Myth: Flipped learning has no evidence to back up its effectiveness.

Fact: Flipped learning research is growing at an exponential pace and has been since at least 2014. That research — 131 peer-reviewed articles in the first half of 2017 alone — includes results from primary, secondary, and postsecondary education in nearly every discipline, most showing significant improvements in student learning, motivation, and critical thinking skills.

Myth: Flipped learning is a fad.

Fact: Flipped learning has been with us in the form defined here for nearly 20 years.

Myth: People have been doing flipped learning for centuries.

Fact: Flipped learning is not just a rebranding of old techniques. The basic concept of students doing individually active work to encounter new ideas that are then built upon in class is almost as old as the university itself. So flipped learning is, in a real sense, a modern means of returning higher education to its roots. Even so, flipped learning is different from these time-honored techniques.

Myth: Students and professors prefer lecture over flipped learning.

Fact: Students and professors embrace flipped learning once they understand the benefits. It’s true that professors often enjoy their lectures, and students often enjoy being lectured to. But the question is not who “enjoys” what, but rather what helps students learn the best.They know what the research says about the effectiveness of active learning

Assertion: Flipped learning provides a platform for implementing active learning in a way that works powerfully for students.

9. Evaluating Technology-based Instructional Innovations

Transitioning to an ROI lens requires three fundamental shifts
What is the total cost of my innovation, including both new spending and the use of existing resources?

What’s the unit I should measure that connects cost with a change in performance?

How might the expected change in student performance also support a more sustainable financial model?

The Exposure Approach: we don’t provide a way for participants to determine if they learned anything new or now have the confidence or competence to apply what they learned.

The Exemplar Approach: from ‘show and tell’ for adults to show, tell, do and learn.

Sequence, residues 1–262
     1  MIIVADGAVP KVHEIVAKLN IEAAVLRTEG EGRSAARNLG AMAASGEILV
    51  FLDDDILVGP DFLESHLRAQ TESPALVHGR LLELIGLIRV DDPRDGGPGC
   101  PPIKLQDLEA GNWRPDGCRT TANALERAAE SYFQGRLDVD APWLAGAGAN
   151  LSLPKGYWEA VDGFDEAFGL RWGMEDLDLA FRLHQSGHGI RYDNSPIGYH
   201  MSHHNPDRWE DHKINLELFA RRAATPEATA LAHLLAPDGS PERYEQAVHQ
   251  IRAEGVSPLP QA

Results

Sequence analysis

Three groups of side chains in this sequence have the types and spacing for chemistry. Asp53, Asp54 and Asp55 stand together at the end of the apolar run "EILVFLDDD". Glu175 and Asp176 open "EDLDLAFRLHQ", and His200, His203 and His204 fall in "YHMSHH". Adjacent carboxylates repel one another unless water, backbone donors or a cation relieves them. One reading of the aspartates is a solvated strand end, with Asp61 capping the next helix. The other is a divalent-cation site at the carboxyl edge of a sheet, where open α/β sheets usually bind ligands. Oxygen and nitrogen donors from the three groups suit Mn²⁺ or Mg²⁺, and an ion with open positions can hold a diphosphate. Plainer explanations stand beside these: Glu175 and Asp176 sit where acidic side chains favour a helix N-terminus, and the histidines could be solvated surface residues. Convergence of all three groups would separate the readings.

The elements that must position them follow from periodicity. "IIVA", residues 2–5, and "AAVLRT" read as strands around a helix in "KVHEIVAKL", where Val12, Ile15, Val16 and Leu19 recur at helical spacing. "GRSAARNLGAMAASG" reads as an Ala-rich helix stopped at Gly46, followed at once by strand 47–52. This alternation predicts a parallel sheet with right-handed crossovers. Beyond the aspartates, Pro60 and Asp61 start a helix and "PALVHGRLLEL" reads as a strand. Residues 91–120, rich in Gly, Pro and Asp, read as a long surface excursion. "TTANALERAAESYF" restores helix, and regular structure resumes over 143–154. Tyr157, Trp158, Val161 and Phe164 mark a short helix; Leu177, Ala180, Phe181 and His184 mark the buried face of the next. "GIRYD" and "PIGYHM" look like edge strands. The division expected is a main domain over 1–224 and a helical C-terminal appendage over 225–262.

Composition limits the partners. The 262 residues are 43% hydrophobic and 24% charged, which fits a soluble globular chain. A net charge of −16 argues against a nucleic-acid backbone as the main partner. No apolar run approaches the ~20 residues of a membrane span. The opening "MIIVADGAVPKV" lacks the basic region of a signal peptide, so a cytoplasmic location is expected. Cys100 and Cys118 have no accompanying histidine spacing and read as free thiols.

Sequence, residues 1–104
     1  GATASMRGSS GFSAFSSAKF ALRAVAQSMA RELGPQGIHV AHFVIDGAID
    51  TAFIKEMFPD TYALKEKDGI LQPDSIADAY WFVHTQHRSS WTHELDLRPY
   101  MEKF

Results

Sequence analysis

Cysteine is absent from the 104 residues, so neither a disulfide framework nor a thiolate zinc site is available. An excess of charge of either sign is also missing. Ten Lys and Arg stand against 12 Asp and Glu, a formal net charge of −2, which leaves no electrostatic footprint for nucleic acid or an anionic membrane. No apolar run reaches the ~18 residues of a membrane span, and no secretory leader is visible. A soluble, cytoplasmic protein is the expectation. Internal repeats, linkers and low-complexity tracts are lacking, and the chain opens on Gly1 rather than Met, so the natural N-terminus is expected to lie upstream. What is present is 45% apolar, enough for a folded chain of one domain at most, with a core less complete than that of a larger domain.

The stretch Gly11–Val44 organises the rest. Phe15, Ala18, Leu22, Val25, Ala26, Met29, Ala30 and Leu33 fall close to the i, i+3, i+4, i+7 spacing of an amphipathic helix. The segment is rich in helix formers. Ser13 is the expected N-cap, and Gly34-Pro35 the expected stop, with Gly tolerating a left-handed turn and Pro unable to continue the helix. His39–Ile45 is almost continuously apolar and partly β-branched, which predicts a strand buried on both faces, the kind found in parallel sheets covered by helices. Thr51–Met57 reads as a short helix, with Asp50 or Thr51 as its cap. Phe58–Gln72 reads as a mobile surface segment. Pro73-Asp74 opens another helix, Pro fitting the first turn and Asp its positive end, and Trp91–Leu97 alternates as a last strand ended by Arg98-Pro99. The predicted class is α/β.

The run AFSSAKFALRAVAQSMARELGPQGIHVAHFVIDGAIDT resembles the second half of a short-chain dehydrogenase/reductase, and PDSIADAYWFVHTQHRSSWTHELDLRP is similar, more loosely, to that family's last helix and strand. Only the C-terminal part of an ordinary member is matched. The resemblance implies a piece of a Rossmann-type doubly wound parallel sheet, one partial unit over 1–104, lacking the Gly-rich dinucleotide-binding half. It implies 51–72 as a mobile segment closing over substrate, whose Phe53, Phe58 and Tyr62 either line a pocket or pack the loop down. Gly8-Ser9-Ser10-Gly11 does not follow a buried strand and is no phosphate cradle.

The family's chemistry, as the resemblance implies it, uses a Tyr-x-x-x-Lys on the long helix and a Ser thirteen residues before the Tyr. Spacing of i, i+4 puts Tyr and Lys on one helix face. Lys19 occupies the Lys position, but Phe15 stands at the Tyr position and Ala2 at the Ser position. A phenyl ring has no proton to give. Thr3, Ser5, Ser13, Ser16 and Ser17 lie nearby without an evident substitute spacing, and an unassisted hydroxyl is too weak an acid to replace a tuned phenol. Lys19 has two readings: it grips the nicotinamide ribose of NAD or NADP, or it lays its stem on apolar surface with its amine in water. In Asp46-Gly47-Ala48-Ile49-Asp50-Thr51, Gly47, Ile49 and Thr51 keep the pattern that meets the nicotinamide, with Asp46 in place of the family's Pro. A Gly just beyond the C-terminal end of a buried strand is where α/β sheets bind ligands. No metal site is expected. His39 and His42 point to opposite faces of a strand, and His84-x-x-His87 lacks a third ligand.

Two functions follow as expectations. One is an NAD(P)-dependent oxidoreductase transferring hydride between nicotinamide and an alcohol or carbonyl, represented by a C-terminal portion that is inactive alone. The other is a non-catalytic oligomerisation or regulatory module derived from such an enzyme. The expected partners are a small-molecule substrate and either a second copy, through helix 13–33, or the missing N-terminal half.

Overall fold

The Tutorial Approach: Getting a group that can meet at the same time and place can be challenging. That is why many faculty report a preference for self-paced professional development.build in simple self-assessment checks. We can add prompts that invite people to engage in some sort of follow up activity with a colleague. We can also add an elective option for faculty in a tutorial to actually create or do something with what they learned and then submit it for direct or narrative feedback.

The Course Approach: a non-credit format, these have the benefits of a more structured and lengthy learning experience, even if they are just three to five-week short courses that meet online or in-person once every week or two.involve badges, portfolios, peer assessment, self-assessment, or one-on-one feedback from a facilitator

The Academy Approach: like the course approach, is one that tends to be a deeper and more extended experience. People might gather in a cohort over a year or longer.Assessment through coaching and mentoring, the use of portfolios, peer feedback and much more can be easily incorporated to add a rich assessment element to such longer-term professional development programs.

The Mentoring Approach: The mentors often don’t set specific learning goals with the mentee. Instead, it is often a set of structured meetings, but also someone to whom mentees can turn with questions and tips along the way.

The Coaching Approach: A mentor tends to be a broader type of relationship with a person.A coaching relationship tends to be more focused upon specific goals, tasks or outcomes.

The Peer Approach:This can be done on a 1:1 basis or in small groups, where those who are teaching the same courses are able to compare notes on curricula and teaching models. They might give each other feedback on how to teach certain concepts, how to write syllabi, how to handle certain teaching and learning challenges, and much more. Faculty might sit in on each other’s courses, observe, and give feedback afterward.

The Self-Directed Approach:a self-assessment strategy such as setting goals and creating simple checklists and rubrics to monitor our progress. Or, we invite feedback from colleagues, often in a narrative and/or informal format. We might also create a portfolio of our work, or engage in some sort of learning journal that documents our thoughts, experiments, experiences, and learning along the way.

The Buffet Approach:

10. Open Education

Figure 1. A Model for Networked Education (Credit: Image by Catherine Cronin, building on
Interpretations of
Balancing Privacy and Openness (Credit: Image by Catherine Cronin. CC BY-SA)

11. Learning Analytics

12. Adaptive Teaching and Learning

13. Working with Emerging Technology

In 2014, administrators at Central Piedmont Community College (CPCC) in Charlotte, North Carolina, began talks with members of the North Carolina State Board of Community Colleges and North Carolina Community College System (NCCCS) leadership about starting a CBE program.

Building on an existing project at CPCC for identifying the elements of a digital learning environment (DLE), which was itself influenced by the EDUCAUSE publication The Next Generation Digital Learning Environment: A Report on Research,1 the committee reached consensus on a DLE concept and a shared lexicon: the “Digital Learning Environment Operational Definitions,

Figure 1. NC-CBE Digital Learning Environment

AI and ethics

Live Facebook discussion at SCSU VizLab on ethics and technology: